IVGID raises beach rates; limits access due to COVID | TahoeDailyTribune.com

IVGID raises beach rates; limits access due to COVID

Laney Griffo

INCLINE VILLAGE, Nev. — The Incline Village General Improvement District Board of Trustees on Thursday voted to raise beach venue rates.

The rate increases include adult daily beach guest access, kayak storage, paddleboard storage, daily boat launch fees, and season pass watercraft launch fees.

For the daily beach guest access price, there were previously peak and nonpeak season prices. Staff recommends just charging one price, $15 throughout the whole year.

Kayak storage would increase from $250 to $275 and paddleboard storage would increase from $175 to $195.

General Manager Indra Winquest said there are 900 spots for paddleboards and kayaks in storage and an extensive waiting list for spots. However, he said many of those spots remain empty throughout the season, with people are not using them.

Winquest hopes that raising the costs will discourage people from paying for spots they aren’t using as well as gain the district some revenue to help them continue to subsidize beach access for residents.

Finally, launch prices would increase from $20 to $22 for daily launches and from $160 to $225 for a season pass. The season pass price compares to $250 at Cave Rock and Sand Harbor, $150 for residents at Tahoe Vista and $265 for residents at Lake Forest.

Staff originally recommended the season pass fee being raised to $195 but Vice Chair Matthew Dent wanted to push the price higher.

In addition to the rate changes, a new clause was added to the boat launch agreement which bans commercial use of the launches. People caught using them commercially will have their ramp privileges revoked.

All these changes will go into effect in May 2022.

The board approved the changes 4-1, with Trustee Sara Schmitz providing the only no vote.

The board also approved an emergency ordinance to limit beach access this summer due to COVID.

Staff recommends limiting the purchase of additional punch cards to five because last year, the district saw people abusing the punch card program. In 2018, 180 additional punch cards were purchased, compared to last year where 2,000 punch cards were sold. Winquest said he saw some people purchasing up to 25 extra punch cards.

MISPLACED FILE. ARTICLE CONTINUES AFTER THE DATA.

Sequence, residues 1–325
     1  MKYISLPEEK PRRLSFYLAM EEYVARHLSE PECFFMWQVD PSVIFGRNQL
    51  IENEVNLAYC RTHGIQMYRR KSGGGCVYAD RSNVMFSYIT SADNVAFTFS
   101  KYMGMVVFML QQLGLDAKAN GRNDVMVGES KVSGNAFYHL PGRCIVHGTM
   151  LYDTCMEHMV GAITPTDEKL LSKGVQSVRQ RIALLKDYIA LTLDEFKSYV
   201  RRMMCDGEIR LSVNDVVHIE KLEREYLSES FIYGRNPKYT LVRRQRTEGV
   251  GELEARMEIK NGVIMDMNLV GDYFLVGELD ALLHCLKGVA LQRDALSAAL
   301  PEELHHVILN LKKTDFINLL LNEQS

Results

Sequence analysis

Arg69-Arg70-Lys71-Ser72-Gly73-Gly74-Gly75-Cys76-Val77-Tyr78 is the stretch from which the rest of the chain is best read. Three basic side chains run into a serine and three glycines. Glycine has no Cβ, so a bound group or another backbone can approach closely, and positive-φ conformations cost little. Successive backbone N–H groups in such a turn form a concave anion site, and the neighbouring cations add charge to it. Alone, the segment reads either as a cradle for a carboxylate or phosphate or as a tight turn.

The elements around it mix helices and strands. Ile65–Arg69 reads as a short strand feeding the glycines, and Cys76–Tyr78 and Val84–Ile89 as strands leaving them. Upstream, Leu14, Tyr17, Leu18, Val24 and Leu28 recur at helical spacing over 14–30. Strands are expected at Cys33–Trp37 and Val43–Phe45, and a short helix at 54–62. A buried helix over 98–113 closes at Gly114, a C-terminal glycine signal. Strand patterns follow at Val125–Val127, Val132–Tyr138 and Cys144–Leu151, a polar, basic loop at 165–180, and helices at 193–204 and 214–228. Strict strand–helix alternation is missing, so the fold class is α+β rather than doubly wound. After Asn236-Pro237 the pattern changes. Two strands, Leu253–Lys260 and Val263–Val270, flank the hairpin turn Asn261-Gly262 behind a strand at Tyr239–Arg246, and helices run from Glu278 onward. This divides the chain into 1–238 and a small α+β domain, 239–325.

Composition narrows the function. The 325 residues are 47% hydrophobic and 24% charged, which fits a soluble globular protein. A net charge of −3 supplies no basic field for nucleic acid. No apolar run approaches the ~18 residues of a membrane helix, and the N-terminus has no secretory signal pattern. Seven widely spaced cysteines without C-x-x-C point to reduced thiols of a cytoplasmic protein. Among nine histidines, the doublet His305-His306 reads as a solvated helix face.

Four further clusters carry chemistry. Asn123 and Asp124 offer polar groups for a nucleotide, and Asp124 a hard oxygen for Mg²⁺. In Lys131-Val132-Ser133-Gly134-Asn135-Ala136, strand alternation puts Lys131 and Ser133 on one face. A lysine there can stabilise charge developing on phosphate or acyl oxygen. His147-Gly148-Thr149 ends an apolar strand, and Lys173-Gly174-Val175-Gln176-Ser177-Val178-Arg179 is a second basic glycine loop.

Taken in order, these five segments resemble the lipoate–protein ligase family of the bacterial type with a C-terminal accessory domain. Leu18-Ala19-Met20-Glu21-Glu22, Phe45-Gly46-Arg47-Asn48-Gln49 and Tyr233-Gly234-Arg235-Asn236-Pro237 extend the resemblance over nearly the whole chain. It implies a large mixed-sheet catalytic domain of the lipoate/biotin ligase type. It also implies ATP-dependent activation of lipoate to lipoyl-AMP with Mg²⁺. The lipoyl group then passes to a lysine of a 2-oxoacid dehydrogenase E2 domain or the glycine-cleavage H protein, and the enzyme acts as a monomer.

One change this emergency ordinance made for this year, compared to last year is residents may pay for guest access with credit card at the gate as long as they are with their guest.

Pop-up tents will again be limited.

The board approved the ordinance unanimously but asked legal staff to look into the possibility of limiting employee access to the beaches this summer too.

The board delayed approval of recreation center bathroom remodels but not before a lengthy discussion on district protocol.

Dent and Schmitz originally wanted the item to be pulled from the agenda completely because it was asking them to approve a contract without seeing the design work. The board agreed to keep the item on the agenda for discussion only.

Winquest had approved the contract for design work because it was within his spending authority but Schmitz said she wanted those kinds of projects to come to the board first, as per the district’s policy.

“Our policy makes it very difficult for staff to do their job,” Winquest said, adding that if the board wants to approve these projects before staff pursues them despite the projects falling under the GM’s spending authority, then the policy needs to reflect that.

Another point of contention was the price point of this project and whether the bathrooms need to be remodeled at all.

Engineering Manager Nathan Chorey said the remodel would make the bathrooms more accessible for people with disabilities. Both Trustees Kendra Wong and Michaela Tonking said even without disabilities, it’s hard to navigate those bathrooms so this is a priority project.

As for the price point, Tonking said that if they are going to make the bathrooms last another 30 years, the price is worth it.

The board also unanimously approved four contracts for construction of the Burnt Cedar Pool project. Construction will happen through the summer and finish early 2022. The proposed opening date is Memorial Day weekend.

The board also approved an agenda item to convert one of the tennis courts into four pickleball courts. If the court is converted, it could be used for pickleball, which is growing in popularity in the community, while still remaining available for tennis.

During the General Manager’s report, Winquest said that this meeting would be Chorey’s last since he has taken another job.

Board chair Tim Callicrate thanked Chorey for his service to the district and said he was impressed with his professionalism in the face of adversity from some community members who have been openly critical of the public works department.

The district has also scheduled public workshops to hear updates recommended by the Ordinance 7 committee.

They are scheduled from 5:30 – 7:30 p.m. Thursday, May 13, and from noon – 2 p.m. and 5:30 – 7:30 p.m.Wednesday, May 19. After the workshops are complete, the district will survey the community to get feedback.

The board’s next meeting will be a budget workshop and is scheduled for 3:30 p.m., Wednesday, May 5.

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